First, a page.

The power of context

Many times, when people learn English, they think about the big goals that they have: they want to get better jobs or maybe they want to move to another country. Sometimes, though, learning another language is useful because it helps you survive inside a context that isn't your own.

Here's the scene: it's 14:43 on a Saturday afternoon. The weather is really nice outside, which means that the bars and restaurants in my neighborhood are full of people.

If this were Canada, this bar would be twice as wide as it actually is, and the space would be big enough that people with kids, baby carriages and big backpacks could move freely throughout the bar without touching other people. In Canada, people try really hard not to touch people they don't know. We just don't do that. But I'm not in Canada; I'm in a very crowded bar in MalasaƱa, in Madrid, and beside me there is a small blonde woman with the very big purse. And that purse is ending up in my back more often than I would like.

This means that I have two options.

I can be Canadian about this and pretend that this is not happening. If I act Canadian, I have to pretend like neither the bag nor the woman are there, that the bar is not crowded and that everything is tolerable.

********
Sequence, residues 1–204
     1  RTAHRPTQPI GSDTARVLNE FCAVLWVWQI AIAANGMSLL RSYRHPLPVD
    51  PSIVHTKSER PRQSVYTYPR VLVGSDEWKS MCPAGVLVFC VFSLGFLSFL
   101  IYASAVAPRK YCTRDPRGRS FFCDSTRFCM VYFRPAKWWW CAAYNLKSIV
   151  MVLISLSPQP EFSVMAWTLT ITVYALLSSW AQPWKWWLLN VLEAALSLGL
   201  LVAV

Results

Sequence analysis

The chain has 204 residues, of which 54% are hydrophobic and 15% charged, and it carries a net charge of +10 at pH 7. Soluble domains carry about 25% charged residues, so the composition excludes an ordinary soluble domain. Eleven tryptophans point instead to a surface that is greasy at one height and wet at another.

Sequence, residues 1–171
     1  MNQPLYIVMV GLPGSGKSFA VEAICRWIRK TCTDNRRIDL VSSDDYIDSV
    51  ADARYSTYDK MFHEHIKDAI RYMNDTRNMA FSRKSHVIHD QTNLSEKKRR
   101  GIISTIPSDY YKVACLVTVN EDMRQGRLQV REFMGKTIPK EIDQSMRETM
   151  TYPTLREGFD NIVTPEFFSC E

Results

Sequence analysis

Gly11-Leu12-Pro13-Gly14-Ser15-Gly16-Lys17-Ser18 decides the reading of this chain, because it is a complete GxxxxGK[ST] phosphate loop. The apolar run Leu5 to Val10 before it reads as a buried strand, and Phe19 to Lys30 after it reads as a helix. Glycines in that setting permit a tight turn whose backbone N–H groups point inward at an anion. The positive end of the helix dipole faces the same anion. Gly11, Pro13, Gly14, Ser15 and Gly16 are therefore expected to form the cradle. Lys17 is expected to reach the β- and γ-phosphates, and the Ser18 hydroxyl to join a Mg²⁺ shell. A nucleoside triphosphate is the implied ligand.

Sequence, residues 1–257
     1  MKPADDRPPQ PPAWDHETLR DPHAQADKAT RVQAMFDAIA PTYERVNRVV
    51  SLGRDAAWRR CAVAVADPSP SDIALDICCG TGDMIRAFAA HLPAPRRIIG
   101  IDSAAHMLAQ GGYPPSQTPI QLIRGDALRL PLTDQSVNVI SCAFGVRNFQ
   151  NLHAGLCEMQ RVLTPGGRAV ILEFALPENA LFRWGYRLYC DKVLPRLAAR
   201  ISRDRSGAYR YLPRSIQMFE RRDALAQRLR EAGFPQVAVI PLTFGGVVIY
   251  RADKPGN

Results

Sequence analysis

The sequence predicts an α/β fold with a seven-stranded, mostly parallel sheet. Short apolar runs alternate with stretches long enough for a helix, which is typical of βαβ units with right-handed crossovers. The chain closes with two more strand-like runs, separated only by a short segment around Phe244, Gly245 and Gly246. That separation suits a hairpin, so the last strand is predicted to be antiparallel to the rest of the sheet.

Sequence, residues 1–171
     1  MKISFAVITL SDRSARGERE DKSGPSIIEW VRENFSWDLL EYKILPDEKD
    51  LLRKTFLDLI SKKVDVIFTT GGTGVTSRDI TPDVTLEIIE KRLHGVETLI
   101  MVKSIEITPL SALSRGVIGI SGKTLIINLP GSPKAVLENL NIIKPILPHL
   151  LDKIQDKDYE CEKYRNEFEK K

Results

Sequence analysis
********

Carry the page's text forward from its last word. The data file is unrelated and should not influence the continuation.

After spending over ten years in Madrid, however, I know that being Canadian in a Spanish city is...well...it's worse than useless.

"Excuse me," I say. She doesn't respond."

"/eI/!!" I shout.

One sound, one syllable, not really a word but delivered at high enough volume and pitch to let her know that if that bag ends up in my kidneys again, something nasty is going to happen.

She turns around and looks at me as if I'm crazy. I stick my right eyebrow up and stare her right in the eyes.

This is the power of context that makes language learning so important. If all you do is think about what individual words mean -- and not what the words can do -- you're never going to learn to really manage a language enough to get what you want. And that's why we, as human beings, have language. Language gets us what we want.

We assume that "getting what you want" has to be something big and important, but those big, important goals might not be realistic for most of us. For most of us, we just want the small things, even if it's as something as small as not being uncomfortable in a bar.

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